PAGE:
In a London of the near future, the population is experiencing the same apocalyptic nightmare of "monsters and explosions."
A Tory Prime Minister is contemplating a military invasion of Iran.
There are riots on the streets and a palpable sense of alienation and social dissonance.
Thus Mike Bartlett's new play 13 could not be accused of failing to explore contemporary social and political themes.
Into this dystopia enters John, returning from an unexplained absence, perhaps in the wilderness, with a message of belief that things could be better.
From an unpromising start, perched precariously on an upturned plastic bucket, his message gathers impetus via social media.
So successful is his mission that a general strike threatens which could derail agovernment policy and prevent the invasion of Iran.
A series of personalised subplots are interwoven into the narrative.
The young sex worker pursued by her lawyer client wanting more than a transactional relationship, a Prime Minister seemingly isolated, divorced and friendless, haunted by the death of her son and a US diplomat married to what turns out to be a psychotic wife are just a few of these interpersonal narratives.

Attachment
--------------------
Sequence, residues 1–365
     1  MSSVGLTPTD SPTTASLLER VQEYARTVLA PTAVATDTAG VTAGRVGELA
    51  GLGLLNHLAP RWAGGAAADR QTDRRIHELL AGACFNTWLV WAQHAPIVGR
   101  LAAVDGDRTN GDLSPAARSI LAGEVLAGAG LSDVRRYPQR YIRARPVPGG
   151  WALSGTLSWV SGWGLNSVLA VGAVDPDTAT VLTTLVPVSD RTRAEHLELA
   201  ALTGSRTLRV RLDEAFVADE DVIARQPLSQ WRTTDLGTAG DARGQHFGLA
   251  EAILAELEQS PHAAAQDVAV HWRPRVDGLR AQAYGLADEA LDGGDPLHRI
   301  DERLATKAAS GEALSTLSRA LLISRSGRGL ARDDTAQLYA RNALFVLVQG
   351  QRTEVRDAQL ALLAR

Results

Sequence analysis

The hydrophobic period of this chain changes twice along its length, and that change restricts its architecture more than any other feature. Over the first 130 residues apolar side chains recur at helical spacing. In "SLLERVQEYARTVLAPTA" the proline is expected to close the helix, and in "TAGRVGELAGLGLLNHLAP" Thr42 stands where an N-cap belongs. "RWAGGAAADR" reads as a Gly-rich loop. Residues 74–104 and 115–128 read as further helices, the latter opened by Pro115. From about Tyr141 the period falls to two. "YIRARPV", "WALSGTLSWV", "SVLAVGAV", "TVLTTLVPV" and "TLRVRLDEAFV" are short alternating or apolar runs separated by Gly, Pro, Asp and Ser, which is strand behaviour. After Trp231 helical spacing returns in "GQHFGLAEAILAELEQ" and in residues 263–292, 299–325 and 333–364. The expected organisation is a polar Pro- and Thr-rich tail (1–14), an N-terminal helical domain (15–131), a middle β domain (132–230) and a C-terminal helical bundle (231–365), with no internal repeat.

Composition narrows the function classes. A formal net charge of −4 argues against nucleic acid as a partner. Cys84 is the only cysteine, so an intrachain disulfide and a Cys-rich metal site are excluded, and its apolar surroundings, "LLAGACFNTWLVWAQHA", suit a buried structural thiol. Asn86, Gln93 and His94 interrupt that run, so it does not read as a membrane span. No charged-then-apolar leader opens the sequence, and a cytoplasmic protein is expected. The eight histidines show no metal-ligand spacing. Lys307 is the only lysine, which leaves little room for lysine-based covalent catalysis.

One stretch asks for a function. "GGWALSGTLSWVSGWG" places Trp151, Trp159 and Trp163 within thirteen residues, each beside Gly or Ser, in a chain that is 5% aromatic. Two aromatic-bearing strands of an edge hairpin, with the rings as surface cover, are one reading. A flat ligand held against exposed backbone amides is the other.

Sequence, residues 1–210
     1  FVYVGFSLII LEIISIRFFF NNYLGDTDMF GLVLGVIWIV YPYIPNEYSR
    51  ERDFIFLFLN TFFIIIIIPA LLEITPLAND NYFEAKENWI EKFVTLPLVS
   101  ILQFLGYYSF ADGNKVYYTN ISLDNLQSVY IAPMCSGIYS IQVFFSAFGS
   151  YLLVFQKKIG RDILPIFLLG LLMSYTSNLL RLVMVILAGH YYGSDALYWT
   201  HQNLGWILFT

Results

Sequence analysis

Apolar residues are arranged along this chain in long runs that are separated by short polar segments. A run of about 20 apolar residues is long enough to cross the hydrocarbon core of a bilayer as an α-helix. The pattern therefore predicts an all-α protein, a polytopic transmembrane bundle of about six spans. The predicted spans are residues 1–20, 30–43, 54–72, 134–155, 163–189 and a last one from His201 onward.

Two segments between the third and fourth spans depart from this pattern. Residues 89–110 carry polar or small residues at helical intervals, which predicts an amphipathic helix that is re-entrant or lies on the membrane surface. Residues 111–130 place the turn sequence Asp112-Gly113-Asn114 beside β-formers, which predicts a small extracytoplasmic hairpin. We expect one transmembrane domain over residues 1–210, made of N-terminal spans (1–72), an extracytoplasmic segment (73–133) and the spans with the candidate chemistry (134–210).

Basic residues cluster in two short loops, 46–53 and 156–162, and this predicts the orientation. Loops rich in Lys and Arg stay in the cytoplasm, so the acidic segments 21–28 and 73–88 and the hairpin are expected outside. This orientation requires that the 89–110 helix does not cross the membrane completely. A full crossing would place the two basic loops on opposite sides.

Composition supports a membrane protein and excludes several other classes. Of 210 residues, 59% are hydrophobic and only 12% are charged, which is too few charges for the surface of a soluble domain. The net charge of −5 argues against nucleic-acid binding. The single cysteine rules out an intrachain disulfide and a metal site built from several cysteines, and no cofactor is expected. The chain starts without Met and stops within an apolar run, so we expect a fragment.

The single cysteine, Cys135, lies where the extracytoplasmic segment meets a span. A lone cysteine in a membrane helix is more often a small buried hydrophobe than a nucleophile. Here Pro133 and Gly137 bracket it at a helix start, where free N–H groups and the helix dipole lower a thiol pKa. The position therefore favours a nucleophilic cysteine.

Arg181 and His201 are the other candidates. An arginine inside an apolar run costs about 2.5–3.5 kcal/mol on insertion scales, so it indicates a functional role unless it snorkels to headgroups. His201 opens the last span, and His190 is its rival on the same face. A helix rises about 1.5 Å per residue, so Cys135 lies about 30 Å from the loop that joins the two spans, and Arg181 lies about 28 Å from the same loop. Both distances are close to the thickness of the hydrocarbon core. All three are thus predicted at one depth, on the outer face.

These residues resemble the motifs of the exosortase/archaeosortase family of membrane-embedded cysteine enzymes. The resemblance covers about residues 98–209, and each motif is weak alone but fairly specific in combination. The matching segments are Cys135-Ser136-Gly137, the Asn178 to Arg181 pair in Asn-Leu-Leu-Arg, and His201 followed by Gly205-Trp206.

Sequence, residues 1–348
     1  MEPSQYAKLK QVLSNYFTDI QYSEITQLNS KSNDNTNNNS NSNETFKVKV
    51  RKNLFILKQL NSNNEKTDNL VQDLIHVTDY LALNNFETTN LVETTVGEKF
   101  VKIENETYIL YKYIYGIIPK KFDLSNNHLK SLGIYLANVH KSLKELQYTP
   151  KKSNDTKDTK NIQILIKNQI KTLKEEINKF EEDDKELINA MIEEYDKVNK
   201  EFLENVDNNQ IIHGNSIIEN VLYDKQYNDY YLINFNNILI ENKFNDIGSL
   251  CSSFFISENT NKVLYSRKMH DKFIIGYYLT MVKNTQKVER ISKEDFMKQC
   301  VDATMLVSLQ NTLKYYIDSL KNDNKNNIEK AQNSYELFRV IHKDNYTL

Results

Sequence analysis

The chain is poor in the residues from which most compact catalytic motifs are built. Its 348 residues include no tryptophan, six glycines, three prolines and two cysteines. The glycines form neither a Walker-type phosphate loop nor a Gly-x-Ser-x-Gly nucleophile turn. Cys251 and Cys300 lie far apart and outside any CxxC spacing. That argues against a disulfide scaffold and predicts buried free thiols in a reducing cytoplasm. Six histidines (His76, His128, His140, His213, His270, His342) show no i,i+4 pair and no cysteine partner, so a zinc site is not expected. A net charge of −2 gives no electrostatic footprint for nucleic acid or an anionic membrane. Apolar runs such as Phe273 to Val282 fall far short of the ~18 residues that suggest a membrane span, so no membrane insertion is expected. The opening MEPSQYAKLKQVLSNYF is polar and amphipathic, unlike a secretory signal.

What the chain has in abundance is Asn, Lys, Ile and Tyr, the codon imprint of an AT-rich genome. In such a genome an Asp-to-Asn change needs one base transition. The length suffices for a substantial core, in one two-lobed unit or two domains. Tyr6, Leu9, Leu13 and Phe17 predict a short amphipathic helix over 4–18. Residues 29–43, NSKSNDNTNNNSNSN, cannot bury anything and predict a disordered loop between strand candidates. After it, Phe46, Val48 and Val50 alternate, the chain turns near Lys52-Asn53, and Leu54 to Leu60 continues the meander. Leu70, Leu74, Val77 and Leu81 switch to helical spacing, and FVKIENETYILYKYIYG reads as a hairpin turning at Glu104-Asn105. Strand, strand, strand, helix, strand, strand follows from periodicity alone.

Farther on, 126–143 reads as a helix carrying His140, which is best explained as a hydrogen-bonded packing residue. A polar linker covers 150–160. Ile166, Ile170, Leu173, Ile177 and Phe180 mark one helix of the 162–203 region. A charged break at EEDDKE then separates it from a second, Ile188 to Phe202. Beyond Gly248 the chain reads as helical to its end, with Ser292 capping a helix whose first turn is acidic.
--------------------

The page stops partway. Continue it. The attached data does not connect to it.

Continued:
They're the primary focus of the first act, perhaps to the detriment of the whole.
But the Olivier stage, dominated by a giant black cube, is effectively employed to convey a sense of oppressive powerlessness, social isolation and alienation.
The climax of the second act is the confrontation between the Prime Minister and John, where the issues and debate around invading Iran are invoked.
As in the biblical version, the Messiah is vanquished, this time on the crucifix of social media.
13 promises much but in the end delivers little, despite valiant performances.
The Prime Minister, played by the excellent Geraldine James, is an unconvincing Tory - she comes across more as a female Tony Blair than a Thatcher.
The notion of a socially compassionate Tory Prime Minister is, to this reviewer at least, oxymoronic.
As John, Trystan Gravelle makes an effective soap box orator yet technical merit far outweighs content and this is 13's major flaw.
The substance of debate is at best shallow and the idea that to believe in belief itself would rally 6 million or so twittering iPad users to threaten government is absurd.
More crucially, the discourse surrounding whether or not to invade Iran is facile, reductionist and contrived.
Runs in repertoire until January 2012. Box office: (020) 7452-3000.